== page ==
It's initiative season in California. Time to start circulating those petitions in front of grocery stores in the hopes of passing new laws or taxes (or tax cuts) or rights or special carve-outs for your company in the November 2016 election.
And guess what? It's going to be easier than ever, thanks to perennially plunging voter-turnout numbers in the state. That's because the number of signatures required to turn an idea into a ballot proposition is based on the number of votes cast in the previous gubernatorial election. Since November's governor's race had the lowest voter turnout in more than 100 years — well, you do the math.
It's a cruel twist that the fewer people who vote, the longer and more complicated the ballots may become.
For the last election, it took 504,760 signatures from registered California voters to qualify a citizen initiative for the ballot and 807,615 to qualify a constitutional amendment. This time around, it will take just 365,880 signatures for an initiative and 585,407 for a constitutional amendment.
That may sound like a lot of John Hancocks, especially to the people standing in 90-degree heat outside Trader Joe's with a clipboard. But it is an extremely small slice of the state's 39.5 million residents.
To the special interests that pay signature gatherers to do the work, it will mean giant savings — money that can be spent instead on more of those irritating slick, color mailers and ubiquitous radio ads that inundate (and often mislead) voters in the days before an election.
If that's not enough to keep you up at night contemplating initiative reform, here's another sobering thought: With 20 months to go before the next general election, there are already three qualified ballot measures, including a referendum on the state's single-use plastic bag ban, and 13 citizen initiatives — some silly, some serious, some insane — pending but not yet qualified.
One would start the process for California to secede from the United States. Another states mysteriously that "Innocent human life is inviolable. It cannot be terminated, defiled, or destroyed with impunity under any circumstances." One particularly horrible (though unlikely to succeed) proposal is the "Sodomite Suppression Act," which would criminalize sodomy and require that gay people be put to death. And there will be more.
California's initiative system was designed more than 100 years ago to wrest control of the state out of the hands of the railroad barons. But today, it is too often a force for self-interest rather than public interest. Any industry — even a single company or billionaire with the desire and financial means — can bypass legislators with a self-serving proposal.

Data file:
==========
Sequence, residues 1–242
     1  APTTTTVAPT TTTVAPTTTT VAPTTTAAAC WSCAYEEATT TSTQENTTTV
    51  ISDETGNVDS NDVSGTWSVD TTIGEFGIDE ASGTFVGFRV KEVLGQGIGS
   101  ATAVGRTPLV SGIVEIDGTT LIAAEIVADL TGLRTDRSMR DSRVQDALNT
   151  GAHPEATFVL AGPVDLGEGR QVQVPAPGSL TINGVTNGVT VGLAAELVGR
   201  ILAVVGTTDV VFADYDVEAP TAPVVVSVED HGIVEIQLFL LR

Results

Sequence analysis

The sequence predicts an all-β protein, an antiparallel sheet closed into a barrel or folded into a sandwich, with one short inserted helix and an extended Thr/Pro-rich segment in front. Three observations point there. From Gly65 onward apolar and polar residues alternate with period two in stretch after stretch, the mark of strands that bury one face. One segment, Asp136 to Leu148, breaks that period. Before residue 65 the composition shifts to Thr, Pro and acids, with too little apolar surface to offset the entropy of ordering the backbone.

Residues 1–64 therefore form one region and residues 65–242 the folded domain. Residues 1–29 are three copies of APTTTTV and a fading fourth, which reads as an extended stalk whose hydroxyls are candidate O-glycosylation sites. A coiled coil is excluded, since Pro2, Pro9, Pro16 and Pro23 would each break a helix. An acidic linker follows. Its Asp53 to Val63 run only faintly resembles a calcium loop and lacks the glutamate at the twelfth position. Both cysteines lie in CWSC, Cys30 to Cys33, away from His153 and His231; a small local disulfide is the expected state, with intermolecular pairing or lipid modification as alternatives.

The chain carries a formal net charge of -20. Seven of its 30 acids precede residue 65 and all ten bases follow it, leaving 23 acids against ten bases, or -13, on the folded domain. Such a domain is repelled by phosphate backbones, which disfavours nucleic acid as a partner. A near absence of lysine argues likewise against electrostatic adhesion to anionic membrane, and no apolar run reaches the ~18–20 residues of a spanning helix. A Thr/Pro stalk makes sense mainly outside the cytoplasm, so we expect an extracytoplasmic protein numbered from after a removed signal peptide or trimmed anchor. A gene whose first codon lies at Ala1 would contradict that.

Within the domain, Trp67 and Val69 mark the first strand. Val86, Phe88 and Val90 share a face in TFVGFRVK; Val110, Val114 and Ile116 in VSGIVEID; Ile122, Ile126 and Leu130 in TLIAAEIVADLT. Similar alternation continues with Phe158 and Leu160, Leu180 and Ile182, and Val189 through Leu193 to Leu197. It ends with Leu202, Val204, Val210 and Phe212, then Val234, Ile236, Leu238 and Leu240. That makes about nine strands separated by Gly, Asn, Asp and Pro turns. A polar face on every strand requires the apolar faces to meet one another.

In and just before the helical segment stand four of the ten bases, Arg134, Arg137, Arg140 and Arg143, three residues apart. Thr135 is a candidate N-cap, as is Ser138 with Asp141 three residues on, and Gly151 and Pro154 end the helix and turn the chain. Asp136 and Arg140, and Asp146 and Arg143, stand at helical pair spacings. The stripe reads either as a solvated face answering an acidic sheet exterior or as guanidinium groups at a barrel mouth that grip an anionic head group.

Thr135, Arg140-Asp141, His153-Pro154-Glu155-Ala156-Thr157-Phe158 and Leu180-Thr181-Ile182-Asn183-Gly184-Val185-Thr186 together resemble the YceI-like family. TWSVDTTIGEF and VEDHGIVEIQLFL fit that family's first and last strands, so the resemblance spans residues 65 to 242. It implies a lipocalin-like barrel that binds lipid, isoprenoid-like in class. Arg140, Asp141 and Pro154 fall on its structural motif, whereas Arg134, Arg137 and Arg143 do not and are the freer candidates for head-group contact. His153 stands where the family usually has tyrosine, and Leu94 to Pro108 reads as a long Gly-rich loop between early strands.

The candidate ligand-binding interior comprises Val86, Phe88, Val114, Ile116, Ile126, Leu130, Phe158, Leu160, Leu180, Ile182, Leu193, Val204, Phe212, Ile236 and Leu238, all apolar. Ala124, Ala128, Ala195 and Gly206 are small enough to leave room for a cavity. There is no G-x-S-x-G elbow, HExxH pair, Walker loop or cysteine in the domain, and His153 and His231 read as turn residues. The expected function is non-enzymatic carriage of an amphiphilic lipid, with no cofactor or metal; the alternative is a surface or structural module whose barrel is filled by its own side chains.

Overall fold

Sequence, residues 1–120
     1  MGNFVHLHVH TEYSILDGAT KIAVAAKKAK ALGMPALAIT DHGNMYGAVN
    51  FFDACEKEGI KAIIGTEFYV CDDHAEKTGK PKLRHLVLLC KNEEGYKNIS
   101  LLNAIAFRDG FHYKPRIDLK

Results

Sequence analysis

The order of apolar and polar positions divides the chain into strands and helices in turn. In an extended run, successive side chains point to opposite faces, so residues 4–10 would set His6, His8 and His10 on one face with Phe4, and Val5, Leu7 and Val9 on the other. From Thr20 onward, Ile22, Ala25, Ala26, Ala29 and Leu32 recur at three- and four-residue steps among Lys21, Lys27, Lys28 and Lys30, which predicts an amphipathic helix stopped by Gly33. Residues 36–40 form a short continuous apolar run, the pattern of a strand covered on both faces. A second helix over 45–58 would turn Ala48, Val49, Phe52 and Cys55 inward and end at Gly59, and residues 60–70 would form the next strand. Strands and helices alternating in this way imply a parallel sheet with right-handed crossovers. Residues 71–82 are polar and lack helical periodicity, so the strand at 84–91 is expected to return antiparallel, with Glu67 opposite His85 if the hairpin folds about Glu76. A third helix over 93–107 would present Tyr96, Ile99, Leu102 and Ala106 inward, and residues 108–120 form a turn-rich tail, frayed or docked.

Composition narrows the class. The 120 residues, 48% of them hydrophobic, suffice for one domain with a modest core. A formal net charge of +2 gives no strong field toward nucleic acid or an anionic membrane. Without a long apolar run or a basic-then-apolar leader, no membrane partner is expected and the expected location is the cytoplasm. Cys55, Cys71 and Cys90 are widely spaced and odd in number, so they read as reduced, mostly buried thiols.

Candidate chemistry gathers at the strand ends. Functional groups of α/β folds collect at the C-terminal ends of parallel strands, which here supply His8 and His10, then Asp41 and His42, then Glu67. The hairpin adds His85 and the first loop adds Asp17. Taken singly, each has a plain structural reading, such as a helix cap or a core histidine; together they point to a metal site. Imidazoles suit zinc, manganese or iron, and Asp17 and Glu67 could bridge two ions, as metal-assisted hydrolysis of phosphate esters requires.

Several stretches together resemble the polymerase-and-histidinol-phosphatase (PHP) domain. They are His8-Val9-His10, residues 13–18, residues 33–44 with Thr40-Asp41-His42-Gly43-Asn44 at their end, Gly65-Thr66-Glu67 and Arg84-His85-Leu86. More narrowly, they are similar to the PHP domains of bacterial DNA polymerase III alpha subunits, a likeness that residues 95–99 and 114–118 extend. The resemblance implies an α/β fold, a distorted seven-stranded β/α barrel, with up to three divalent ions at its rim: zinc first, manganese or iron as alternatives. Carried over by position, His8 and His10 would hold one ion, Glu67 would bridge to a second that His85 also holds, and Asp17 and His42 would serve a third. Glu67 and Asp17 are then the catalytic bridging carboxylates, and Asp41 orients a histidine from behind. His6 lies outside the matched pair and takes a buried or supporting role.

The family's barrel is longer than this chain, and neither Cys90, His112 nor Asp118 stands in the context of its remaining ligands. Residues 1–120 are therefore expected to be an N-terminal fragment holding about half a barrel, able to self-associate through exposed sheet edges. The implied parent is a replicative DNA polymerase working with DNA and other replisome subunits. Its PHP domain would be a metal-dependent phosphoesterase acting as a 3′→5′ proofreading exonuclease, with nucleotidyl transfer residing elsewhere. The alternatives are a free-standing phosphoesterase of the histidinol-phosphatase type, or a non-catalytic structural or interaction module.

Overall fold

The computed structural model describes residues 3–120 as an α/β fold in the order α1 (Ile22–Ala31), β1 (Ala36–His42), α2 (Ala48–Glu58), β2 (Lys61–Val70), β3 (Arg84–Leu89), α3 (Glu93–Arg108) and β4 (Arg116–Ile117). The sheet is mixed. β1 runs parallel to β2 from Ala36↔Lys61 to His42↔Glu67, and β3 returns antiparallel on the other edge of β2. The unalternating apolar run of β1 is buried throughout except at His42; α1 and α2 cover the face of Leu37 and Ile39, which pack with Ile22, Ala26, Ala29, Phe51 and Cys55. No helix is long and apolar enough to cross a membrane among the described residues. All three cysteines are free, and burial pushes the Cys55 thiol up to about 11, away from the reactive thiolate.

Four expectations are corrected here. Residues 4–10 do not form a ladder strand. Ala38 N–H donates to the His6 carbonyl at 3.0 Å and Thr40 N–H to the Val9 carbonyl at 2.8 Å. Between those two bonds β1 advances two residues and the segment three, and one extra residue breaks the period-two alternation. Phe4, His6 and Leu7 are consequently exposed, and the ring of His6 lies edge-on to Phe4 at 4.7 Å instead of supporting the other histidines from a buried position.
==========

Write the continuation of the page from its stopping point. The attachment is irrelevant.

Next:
Like democracy itself, the state's initiative process is the worst form of lawmaking, except for all the others.
Thanks to legislation pushed through by former Senate President Pro Tem Darrell Steinberg, the process should be slightly improved in the coming election cycle. Among other things, public hearings on proposed initiatives will be held earlier, after just a quarter of the signatures have been gathered. A commenting period has been added early in the process, so that anyone can lodge opinions about the proposal — and proponents will then have an opportunity to amend their proposals. As of last Monday, more than 130 comments had been received for initiatives that are either pending or have been cleared for signature gathering. Major donors will be named and fiscal effects will be clearly outlined online.
These changes won't necessarily block all bad ideas from getting onto the ballot. There is, however, one simple thing that Californians can do to push back against initiative mischief without rewriting the state Constitution. Before signing any petition, for heaven's sake, read it carefully. Don't rely on the word of paid signature gatherers, who are paid per signature and are notorious for saying anything to get people to sign. Pull out your smartphone and check it out yourself on the secretary of state's website: www.sos.ca.gov.
Blindly signing petitions could result in a harsh awakening one November morning to discover that a narrow margin of California's voters had just decided to secede from the United States.